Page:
Status: HB 1182 companion considered in lieu of in committee (04/15/2013); SB 700 sent to the Governor (05/28/2013)
  • HB 1554 – Rodriguez, Justin – enables a municipality to abate violations of floodplain management ordinances by empowering the municipality to require the work necessary to bring real property into compliance and allowing the municipality to assess the costs incurred against the property and file a lien against the property to recover costs, file suit to foreclose the lien and recover unpaid costs and interest.
    Status: Sent to the Governor (05/22/2013)

Of the remaining “Bills We Love”, five died in the Calendars committee while waiting to be scheduled for a vote, and the rest never made it out of the committees to which they were assigned.

You will have a chance to vote on funding the State Water Plan. HB 4, takes effect on 09/01/2013, except Sections 2.01-2.07, 2.13-2.18, and 2.21-2.26 take effect only if SJR 1 is approved by the voters.

Thanks the unflagging work of a great team of environmental lobbyists, HB 4:

  • Requires the TWDB to undertake to apply not less than 20% of the money disbursed in each five-year period to support projects, including agricultural irrigation projects, that are designed for water conservation or reuse
  • Requires the TWDB to undertake to apply not less than 10% of the money disbursed in each five-year period to support projects for rural political subdivisions or agricultural water conservation
  • Prohibits the use of state financial assistance for a water project if the applicant has failed to submit or implement a water conservation plan
  • Requires regional water planning groups in their prioritization of projects for state financial assistance to consider at a minimum such factors as the feasibility, viability, sustainability, and cost-effectiveness of a project – factors which should work in favor of conservation projects
  • Requires TWDB in its process for prioritization of projects to receive state financial assistance to consider (among other criteria) the demonstrated or projected effect of the project on water conservation, including preventing the loss of water (taking into consideration whether the applicant has filed a water audit that demonstrates the applicant is accountable with regard to reducing water loss and increasing efficiency in the distribution of water)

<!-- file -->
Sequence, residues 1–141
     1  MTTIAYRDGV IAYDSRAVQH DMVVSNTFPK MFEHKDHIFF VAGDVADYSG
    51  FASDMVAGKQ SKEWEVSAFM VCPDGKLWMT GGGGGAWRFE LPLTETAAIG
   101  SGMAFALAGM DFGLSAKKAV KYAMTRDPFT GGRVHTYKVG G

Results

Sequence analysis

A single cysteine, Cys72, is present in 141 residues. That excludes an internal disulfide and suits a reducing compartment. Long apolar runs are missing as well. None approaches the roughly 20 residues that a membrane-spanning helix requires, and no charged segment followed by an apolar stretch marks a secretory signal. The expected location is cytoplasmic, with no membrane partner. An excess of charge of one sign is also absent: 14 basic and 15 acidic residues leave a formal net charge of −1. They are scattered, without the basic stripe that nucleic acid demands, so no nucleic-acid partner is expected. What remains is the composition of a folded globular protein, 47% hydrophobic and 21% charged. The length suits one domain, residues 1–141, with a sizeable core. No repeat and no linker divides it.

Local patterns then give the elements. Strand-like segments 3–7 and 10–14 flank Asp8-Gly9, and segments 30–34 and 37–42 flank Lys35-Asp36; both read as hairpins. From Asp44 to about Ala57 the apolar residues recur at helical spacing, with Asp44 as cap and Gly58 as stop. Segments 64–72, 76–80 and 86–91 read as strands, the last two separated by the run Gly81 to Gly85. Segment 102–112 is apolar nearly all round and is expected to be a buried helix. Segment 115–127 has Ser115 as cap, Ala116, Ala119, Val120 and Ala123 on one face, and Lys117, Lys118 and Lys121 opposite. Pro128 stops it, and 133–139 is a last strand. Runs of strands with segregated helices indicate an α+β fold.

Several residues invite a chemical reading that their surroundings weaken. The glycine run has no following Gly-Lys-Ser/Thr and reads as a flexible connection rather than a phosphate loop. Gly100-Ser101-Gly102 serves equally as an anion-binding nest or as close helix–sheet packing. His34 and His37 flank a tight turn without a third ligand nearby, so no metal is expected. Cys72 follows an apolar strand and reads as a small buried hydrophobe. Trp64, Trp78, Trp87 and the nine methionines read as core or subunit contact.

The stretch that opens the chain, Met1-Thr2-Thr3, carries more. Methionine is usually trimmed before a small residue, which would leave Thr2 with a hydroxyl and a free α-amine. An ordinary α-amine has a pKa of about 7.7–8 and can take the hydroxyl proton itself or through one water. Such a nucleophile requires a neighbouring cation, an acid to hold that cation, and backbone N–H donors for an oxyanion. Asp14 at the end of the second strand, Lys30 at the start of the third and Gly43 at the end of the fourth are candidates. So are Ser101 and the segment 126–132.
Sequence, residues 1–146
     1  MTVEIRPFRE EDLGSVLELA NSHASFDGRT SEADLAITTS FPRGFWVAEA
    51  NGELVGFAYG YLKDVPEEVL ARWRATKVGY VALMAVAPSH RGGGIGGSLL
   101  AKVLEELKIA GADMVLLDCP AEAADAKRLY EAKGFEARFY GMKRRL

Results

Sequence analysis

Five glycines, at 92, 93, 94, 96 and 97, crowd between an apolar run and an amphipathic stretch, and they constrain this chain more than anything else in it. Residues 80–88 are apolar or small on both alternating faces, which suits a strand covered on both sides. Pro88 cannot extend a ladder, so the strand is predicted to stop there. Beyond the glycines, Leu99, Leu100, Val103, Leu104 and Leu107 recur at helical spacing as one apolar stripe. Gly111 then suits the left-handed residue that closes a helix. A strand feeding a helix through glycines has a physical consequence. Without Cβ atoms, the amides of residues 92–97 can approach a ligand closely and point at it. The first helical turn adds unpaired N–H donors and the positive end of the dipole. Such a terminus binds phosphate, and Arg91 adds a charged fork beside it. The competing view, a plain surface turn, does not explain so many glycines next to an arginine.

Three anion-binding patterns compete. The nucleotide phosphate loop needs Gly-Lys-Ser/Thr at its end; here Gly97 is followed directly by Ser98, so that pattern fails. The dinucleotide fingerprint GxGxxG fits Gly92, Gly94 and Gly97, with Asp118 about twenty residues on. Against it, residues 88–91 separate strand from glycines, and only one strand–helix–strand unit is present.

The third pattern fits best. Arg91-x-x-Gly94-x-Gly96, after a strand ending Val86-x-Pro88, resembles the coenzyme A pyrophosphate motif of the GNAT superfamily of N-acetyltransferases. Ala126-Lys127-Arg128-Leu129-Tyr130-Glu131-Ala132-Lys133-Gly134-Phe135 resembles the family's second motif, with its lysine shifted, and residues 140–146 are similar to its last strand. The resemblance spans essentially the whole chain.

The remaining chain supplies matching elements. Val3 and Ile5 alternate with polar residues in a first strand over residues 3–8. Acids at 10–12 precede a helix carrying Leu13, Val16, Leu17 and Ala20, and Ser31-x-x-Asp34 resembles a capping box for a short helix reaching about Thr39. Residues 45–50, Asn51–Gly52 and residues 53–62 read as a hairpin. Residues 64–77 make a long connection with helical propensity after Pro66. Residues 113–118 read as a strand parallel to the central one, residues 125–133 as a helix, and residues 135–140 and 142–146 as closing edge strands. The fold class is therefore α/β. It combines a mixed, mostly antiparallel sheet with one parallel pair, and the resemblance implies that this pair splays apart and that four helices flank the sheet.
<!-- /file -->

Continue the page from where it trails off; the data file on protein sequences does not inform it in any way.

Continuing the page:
So, all in all, it was an exhausting, but successful, legislative session. We are working on a report card so that you can see how your representative voted on key issues.

As always, I can’t thank you enough for your incredible response to the legislative alerts posted by GEAA during the past five months. I have it on good authority that your advocacy was the difference between life and death for certain of the bills on our agenda. This session proved that working together regionally definitely yields results!

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Xeriscaping Bills will conserve Texas Water

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Dear GEAA members and friends,

In today’s news are two excellent bills that GEAA is pleased to endorse. Senate Bill 198 and House Bill 449, by Sen. Kirk Watson and Rep. Dawnna Dukes would prevent Home Owners Associations (HOA’s) from restricting xeriscaping. It’s an issue that has received rising attention as the drought continues. Thanks and a tip of the hat to now SAWS President and CEO Robert Puente for filing similar bills during his past life as a State Representative.